In fact, Coco’s “no” has actually let her “yes” shine even brighter. She has gained renown for the sheer number and speed of poses she can hit in succession without direction, even releasing a groundbreaking book which captured the human form in 1000 poses, captured in a 360-degree shoot in just three days. She is also famous for being one of the first in the hallowed world of haute couture to develop a powerful personal brand via social media, establishing herself as a personality and a skilled brand ambassador rather than a voiceless coat hanger. And she’s also no stranger to writing in well known publications about the industry, and tech, even serving as an editor for PC Magazine.

Speaking as a guest on Glamour Magazine’s “Secret of Start-Up Queens” panel (May 29, 2013), Coco Rocha asks a top-line question on life and work; “What’s it all about? Making the big career and being successful, or doing what you believe in? I really think people are respected in any industry if they stand up for what they believe”.

In her teenage years, the confronting question of whether it profits someone to gain the world yet lose their soul had somewhat higher stakes than high school electives; “When I first started modeling, I was told I needed to do pretty much anything to be successful. I had to pick, do I want to be successful? Or do I want to keep to my morals and my values, which, to me, was very important”. She reflects;

“At the end of the day, fashion’s standards will rise and fall, but I hope mine will always stay the same”

When presented with the choice, Coco made a completely uncertain, unprecedented call that seemed disadvantageous to her and everyone else in the industry, in the interests of what she thought was right and true. And in the end, she gained both – and forged an important, remarkable and beautiful path that lit the way for all of us.

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Dressed for the Occasion

We all (hopefully!) get dressed at some point each day. We might check the weather, look to the glossies for inspiration, try on a few different options, consult the dress code, and try a few different options.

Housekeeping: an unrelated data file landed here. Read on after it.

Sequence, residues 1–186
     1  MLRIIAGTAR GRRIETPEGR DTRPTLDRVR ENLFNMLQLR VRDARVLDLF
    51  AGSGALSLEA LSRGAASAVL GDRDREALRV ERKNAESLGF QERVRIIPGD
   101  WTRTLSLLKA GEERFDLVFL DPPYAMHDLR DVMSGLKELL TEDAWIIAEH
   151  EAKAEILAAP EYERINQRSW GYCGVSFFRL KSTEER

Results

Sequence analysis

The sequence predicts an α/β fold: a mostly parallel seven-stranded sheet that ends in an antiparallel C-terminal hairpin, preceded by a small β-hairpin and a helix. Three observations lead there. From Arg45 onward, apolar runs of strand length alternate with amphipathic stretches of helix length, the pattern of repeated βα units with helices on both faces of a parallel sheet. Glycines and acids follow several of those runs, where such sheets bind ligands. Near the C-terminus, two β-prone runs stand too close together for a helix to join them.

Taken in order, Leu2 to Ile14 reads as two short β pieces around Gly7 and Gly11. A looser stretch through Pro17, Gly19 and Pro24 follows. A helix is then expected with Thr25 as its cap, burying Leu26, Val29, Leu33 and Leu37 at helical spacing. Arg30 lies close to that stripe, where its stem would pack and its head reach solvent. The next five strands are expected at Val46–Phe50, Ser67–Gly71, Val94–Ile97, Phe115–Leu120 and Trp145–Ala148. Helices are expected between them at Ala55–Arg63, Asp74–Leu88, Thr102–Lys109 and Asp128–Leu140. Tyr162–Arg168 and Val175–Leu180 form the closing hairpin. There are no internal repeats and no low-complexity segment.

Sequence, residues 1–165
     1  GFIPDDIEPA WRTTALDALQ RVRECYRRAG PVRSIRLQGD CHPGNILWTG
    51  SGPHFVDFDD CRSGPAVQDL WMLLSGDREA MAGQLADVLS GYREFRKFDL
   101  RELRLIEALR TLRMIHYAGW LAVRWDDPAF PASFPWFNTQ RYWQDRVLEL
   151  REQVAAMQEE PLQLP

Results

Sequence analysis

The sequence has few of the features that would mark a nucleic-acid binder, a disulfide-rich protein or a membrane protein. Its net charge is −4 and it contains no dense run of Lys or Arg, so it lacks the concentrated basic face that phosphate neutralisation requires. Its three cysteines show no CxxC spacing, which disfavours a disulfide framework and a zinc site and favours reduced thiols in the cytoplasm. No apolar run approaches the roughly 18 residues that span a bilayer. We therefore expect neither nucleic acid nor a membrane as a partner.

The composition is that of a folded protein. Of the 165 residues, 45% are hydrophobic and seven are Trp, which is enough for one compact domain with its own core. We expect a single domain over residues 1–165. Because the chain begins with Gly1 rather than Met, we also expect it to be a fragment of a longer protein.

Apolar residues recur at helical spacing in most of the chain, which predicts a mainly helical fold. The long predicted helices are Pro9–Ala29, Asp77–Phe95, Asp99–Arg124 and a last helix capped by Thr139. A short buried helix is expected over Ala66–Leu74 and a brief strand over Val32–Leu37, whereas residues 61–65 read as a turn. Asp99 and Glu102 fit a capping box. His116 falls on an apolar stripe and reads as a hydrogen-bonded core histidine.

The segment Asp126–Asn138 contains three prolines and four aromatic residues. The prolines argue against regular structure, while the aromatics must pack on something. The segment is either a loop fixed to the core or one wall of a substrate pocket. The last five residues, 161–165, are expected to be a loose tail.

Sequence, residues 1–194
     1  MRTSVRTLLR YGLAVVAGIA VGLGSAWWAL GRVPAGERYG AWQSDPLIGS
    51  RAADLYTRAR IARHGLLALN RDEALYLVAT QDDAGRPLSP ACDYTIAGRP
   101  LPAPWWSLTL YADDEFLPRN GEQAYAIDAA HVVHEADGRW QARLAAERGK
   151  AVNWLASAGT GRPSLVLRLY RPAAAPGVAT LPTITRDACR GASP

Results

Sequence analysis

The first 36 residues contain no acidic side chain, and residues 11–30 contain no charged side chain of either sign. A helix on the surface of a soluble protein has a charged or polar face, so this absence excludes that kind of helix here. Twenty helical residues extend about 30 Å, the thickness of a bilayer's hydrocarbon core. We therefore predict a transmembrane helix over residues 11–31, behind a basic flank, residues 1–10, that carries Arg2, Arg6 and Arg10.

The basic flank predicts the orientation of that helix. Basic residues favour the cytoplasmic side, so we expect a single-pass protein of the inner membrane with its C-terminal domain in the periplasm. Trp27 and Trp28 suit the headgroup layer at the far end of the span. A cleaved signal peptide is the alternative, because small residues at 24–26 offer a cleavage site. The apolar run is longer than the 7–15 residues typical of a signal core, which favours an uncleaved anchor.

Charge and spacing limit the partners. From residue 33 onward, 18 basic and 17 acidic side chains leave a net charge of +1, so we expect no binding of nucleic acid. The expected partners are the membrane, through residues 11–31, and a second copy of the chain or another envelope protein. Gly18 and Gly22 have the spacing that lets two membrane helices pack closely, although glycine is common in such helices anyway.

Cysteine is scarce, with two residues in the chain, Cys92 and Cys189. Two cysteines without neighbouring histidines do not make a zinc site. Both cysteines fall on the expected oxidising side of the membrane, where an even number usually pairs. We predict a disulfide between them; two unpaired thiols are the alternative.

Yet it’s possible to have the worst day in even the best of outfits. And while we might devote much time, income and thought to what is hung on the body,  it is rare to prepare as much the person within. And yet it is a person’s spirit that can be crushed by a discouraging word, overwhelmed by the day’s challenges, receive unexpectedly sad news – all while the body stands still on the train. Yet the body is the one we slave to dress.

“If we spent half the time we take getting physically dressed getting spiritually dressed instead, we’d be much better off” – Joyce Meyer

The truth is no one can really predict what will happen today. But in many ways we run out into this unknown wilderness on a daily basis completely naked and lacking the required safety gear. When I fail to prepare, I can even stir up my own unnecessary trouble – with people, with inanimate objects, with the bus pole for SMACKING INTO ME (the nerve of it!).

But God dresses us in “strength and dignity” (Proverbs 31:25), “power from on high” (Luke 24:49) and “humility toward one another” (1 Peter 5:5). We are encouraged to “clothe yourselves with compassion, kindness, humility, gentleness and patience” (Colossians 3:12) and to “Stand firm then, with the belt of truth buckled around your waist, with the breastplate of righteousness in place, and with your feet fitted with the readiness that comes from the gospel of peace” (Ephesians 6:14-15). We havefaith and love as a breastplate, and the hope of salvation as a helmet” (1 Thessalonians 5:8). None of these items cost a thing, they never go out of style, and they look fantastic, darling, on everyone. Why leave them on the hanger?

We might love our shoes and spend hard-earned dollars on trends, but in truth, it’s quite an unrequited love that doesn’t do much beyond a short-lived pick-me-up. It might merit a cheap wolf-whistle or a compliment, but it doesn’t provide true purpose in a day, energy to face difficult tasks, or deep peace in the heart. And perhaps these are the things we need the most.

For; “Has anyone by fussing in front of the mirror ever gotten taller by so much as an inch? All this time and money wasted on fashion—do you think it makes that much difference? Instead of looking at the fashions, walk out into the fields and look at the wildflowers. They never primp or shop, but have you ever seen colour and design quite like it? The ten best-dressed men and women in the country look shabby alongside them. If God gives such attention to the appearance of wildflowers—most of which are never even seen—don’t you think he’ll attend to you, take pride in you, do his best for you? What I’m trying to do here is to get you to relax, to not be so preoccupied with getting, so you can respond to God’s giving. People who don’t know God and the way he works fuss over these things, but you know both God and how he works. Steep your life in God-reality, God-initiative, God-provisions. Don’t worry about missing out. You’ll find all your everyday human concerns will be met” (Matthew 6:27-33, The Message).